Fig. 5
Fig. 5

Overview of the experimental setup and the location of pressure gauges

Experimental results and analysis

Flowing behavior of fresh wet shotcrete

The pumping tests of each mix proportion were performed at five discharge rates available on the pump. By taking the pressure given from the No. 1 sensor as the pumping pressure, one obtained an experimental point for each flow value. As shown in Fig. 6, there was a nearly linear relationship between pressure and the flow rate by using linear interpolation fitting. It can be seen that the lower the flow rate is, the smaller the pipe pressure is. In the pumping process, the flow rate could be smaller for reducing the pressure loss under the condition of guaranteeing the pumping success.
Fig. 6
Fig. 6

Pressure-flow rate relationship in the 100 m full-scale test

Different groups of mix proportion had different pressure at the same position whose value was highest in Group 3 and lowest in Group 2. The pressure value mainly depends on the rheological parameters (i.e. mix proportion) in the case of the same flow rate. To analyse the reason, literatures (Choi et al. 2013; Ingber et al. 2009; Lu et al. 2008) indicated that a redistribution of particles occurs in the pipe under the action of shear, particles migrating from high shear rate regions to low shear rate regions, which is relative to the formation of lubrication (next “The formation of lubrication layer” section would focus on the lubrication formation). Literatures (Spangenberg et al. 2012; Myoungsung et al. 2013) also reported that the origin of shear induced by particle migration is generated by the competition between gradients in particle collision frequency and gradients in viscosity of the concrete within the pipe. As discussed above, the shear is affected by the particles and material viscosity.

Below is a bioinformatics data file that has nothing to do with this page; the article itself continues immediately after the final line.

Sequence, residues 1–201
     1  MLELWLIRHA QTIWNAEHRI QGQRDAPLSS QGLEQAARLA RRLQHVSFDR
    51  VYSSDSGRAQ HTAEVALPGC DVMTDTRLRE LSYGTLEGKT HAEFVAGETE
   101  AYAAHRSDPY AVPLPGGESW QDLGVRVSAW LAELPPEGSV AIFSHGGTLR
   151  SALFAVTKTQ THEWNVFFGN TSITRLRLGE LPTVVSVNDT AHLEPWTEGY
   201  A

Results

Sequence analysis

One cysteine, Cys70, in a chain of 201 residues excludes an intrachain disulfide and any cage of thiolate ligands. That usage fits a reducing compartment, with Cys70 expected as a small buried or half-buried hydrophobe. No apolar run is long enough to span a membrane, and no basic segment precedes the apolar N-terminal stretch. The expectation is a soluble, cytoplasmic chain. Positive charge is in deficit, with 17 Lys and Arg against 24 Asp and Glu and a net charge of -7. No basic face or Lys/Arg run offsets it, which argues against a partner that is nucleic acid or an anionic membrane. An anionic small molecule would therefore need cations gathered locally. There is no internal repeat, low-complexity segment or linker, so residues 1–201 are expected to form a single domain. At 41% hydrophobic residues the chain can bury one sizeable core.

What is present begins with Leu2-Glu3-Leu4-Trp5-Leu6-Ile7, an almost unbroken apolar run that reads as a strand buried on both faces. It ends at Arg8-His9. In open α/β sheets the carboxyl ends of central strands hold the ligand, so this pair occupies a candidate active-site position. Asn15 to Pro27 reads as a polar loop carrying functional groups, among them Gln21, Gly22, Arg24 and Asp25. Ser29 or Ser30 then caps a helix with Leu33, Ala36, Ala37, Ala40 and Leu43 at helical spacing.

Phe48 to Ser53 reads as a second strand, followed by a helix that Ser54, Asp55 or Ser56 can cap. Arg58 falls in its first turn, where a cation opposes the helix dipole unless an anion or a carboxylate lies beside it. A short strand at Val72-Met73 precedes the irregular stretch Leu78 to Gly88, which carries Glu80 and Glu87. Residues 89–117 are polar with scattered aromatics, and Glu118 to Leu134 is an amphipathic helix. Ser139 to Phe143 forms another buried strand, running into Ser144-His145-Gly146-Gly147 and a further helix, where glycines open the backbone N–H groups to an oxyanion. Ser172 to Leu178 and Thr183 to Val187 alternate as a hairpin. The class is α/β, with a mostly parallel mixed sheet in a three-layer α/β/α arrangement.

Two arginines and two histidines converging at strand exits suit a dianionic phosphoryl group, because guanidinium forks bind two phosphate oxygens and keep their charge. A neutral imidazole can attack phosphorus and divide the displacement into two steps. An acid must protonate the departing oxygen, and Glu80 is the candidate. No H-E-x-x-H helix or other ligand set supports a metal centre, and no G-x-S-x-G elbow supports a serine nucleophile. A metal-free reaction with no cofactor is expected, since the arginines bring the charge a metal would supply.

The shear and viscosity are directly influenced by mix proportion (Xiao and Yue 2011). It was shown in Duan (2011), Liu (2005) that with the increasement of water-binder ratio, the yield shear stress presents the declining trend while the plastic viscosity is irregularity, and with the sand rate increasing, the trend of yield shear stress firstly go up and then down. It is also obvious that both of shear and viscosity contribute to the pipe pressure (Wallevik 2003; Kirk et al. 2015; Feys et al. 2008; Yahia and Khayat 2001).